Dr Ian Majewski
Chief investigator: Dr
Institute: The Walter and Eliza Hall Institute
Project title: Identifying mechanisms that prevent leukaemia
cells responding to therapy
Disease focus: Acute myeloid leukaemia (AML)
Funding period: 2014
Dr Ian Majewski is identifying genetic changes that allow acute myeloid leukaemia (AML) cells to resist chemotherapy drugs.
In this project, he is analysing DNA and RNA extracted from cell samples of patients with core binding factor (CBF) AML. Using a range of techniques, he is comparing the genomes of patients who respond and those who fail treatment with the commonly used chemotherapy drugs cytarabine and fludarabine.
Even with best available chemotherapy, up to 40% of patients with CBF-AML relapse within two years due to resistance, according to Dr Majewski.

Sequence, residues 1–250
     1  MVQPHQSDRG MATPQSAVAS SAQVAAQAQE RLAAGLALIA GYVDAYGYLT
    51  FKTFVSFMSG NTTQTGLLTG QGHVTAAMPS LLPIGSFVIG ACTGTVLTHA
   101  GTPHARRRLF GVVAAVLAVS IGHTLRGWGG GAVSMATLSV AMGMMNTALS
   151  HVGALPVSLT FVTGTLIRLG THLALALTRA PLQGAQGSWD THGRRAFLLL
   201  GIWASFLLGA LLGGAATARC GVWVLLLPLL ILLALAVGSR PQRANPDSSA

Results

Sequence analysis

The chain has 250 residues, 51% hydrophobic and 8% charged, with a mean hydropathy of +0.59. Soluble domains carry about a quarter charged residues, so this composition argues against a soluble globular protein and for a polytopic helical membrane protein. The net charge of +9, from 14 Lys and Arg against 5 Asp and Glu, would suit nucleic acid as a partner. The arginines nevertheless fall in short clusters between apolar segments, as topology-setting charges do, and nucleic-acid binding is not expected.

“Thanks to rapid advances in the field of genomics, we know that cancer cells are highly dynamic, accumulating ongoing genetic changes that help them to sidestep even the most advanced therapies,” he said.
“The next frontier in treating cancer is understanding the genetic changes that make cancer resistant to therapy.
“By identifying the genetic changes and the specific genes that are associated with poor response to therapy in acute myeloid leukaemia cells we can develop new prognostic tools for predicting which patients will have a high risk of failing standard therapy.
“In the longer term, we hope to develop models of therapy resistance that can be harnessed to discover new treatments that will overcome therapy resistance.”
The Leukaemia Foundation also awarded a clinical PhD Scholarship (2014) to Dr Edward Chew to identify genetic changes characterising CBF-AML.